Warhol always appreciated the ironic in the iconic, and Sui relates. “I look back at all the characters I’ve drawn on — like the preppy, the golfer, the folk singer, the showgirl, the cowgirl, the Factory girl — and there’s always something slightly off-kilter,” she writes.

That golf collection, for instance, Spring 2003. Sui used Slim Aarons’ glossy images of WASP America as a reference point: power and privilege, country clubs, pony clubs, beaded golf clubs and tennis rackets. But she added her own twisted, eccentric edge, with layer after layer of the research she undertakes for every one of her collections.

Sui is the poster girl for a better land of opportunity than the one that is currently baring its teeth at the world.

Sui insists that research is what she loves best. For years, she’s been doing double duty as a cultural archeologist, unearthing entrancing obscurities, for instance, the poppy motifs of Hungarian-born hippie designer Eszter Haraszty, and pansies inspired by the work of New York-based needlepointist Erica Wilson. She even winkled out the place that made ribbons for horse shows and had them embroidered with her name. What eventually came down the catwalk was WASP more by way of Wes Anderson than Slim Aarons.

In dozens of often undetectable ways, Sui is dedicated to keeping American craft alive. Her commitment is plain in her campaign to save New York's Garment District, the Manhattan district less than a square mile that was once the engine of the American fashion industry. It's been gutted by the shift offshore in search of cheap labour and production, and its decline has seen the end of all the small suppliers that once serviced designers. Sui made it her mission to meet as many of them as possible, the trim people, the button people, the pleating and embroidery people, the old men at the end of their working lives whose experience would expire with them. She's used them whenever she can, often to re-create a fabric, a print that there's been no call for for years.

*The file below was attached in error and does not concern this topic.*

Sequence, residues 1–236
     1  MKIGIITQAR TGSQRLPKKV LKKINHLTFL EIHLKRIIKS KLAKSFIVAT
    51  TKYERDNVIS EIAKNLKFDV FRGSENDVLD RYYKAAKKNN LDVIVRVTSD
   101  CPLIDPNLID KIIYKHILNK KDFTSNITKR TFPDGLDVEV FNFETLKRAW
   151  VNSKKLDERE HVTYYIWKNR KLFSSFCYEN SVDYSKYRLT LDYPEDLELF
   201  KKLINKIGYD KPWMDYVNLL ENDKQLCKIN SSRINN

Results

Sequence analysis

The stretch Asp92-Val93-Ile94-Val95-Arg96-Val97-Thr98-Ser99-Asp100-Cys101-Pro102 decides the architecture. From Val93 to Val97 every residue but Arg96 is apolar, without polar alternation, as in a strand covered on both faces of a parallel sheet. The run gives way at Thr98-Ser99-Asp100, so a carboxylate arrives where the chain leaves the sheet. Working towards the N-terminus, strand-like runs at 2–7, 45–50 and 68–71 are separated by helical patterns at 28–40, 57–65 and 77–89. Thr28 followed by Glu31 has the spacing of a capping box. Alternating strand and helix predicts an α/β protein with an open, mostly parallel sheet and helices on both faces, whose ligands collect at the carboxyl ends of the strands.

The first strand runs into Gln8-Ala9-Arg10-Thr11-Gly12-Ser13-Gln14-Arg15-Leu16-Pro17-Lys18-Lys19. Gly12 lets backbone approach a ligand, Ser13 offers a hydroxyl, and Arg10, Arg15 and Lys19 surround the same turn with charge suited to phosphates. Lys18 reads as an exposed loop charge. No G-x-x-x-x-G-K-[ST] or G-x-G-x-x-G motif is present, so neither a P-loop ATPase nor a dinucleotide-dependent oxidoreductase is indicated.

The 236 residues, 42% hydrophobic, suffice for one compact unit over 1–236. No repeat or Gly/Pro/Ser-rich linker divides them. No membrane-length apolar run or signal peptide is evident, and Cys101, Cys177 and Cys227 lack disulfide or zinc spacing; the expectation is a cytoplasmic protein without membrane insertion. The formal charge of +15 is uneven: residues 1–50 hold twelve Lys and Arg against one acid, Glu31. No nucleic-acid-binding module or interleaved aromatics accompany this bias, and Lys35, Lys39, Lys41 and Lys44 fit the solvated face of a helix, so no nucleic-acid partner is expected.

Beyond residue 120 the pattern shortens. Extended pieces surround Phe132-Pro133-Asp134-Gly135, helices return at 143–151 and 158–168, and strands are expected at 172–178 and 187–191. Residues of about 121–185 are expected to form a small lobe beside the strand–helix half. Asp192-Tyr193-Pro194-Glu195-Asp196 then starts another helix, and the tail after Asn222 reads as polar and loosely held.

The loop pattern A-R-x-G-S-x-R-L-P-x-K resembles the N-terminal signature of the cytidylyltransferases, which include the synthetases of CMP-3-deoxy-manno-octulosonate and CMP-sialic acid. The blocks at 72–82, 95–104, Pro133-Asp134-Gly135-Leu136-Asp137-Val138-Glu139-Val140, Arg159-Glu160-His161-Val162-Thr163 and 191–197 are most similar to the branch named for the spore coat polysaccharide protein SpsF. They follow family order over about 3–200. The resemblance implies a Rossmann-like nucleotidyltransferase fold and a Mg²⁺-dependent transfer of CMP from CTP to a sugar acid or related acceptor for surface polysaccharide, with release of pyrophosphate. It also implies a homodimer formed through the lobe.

Call that a celebration of American ingenuity, an acknowledgment not just of her many creative influences — the beautiful mavericks who’ve inspired her — but of the people who’ve helped her collections take shape. Creativity and collaboration, diversity and pragmatism, independence and fierce individuality, limitless and free: Anna Sui is the poster girl for a better land of opportunity than the one that is currently baring its teeth at the world.

“The World of Anna Sui” by Tim Blanks is published on 30 May 2017, and the exhibition will take place at The Fashion and Textile Museum from 26 May – 1 October 2017.

This article appears in BoF's latest special print edition: "America."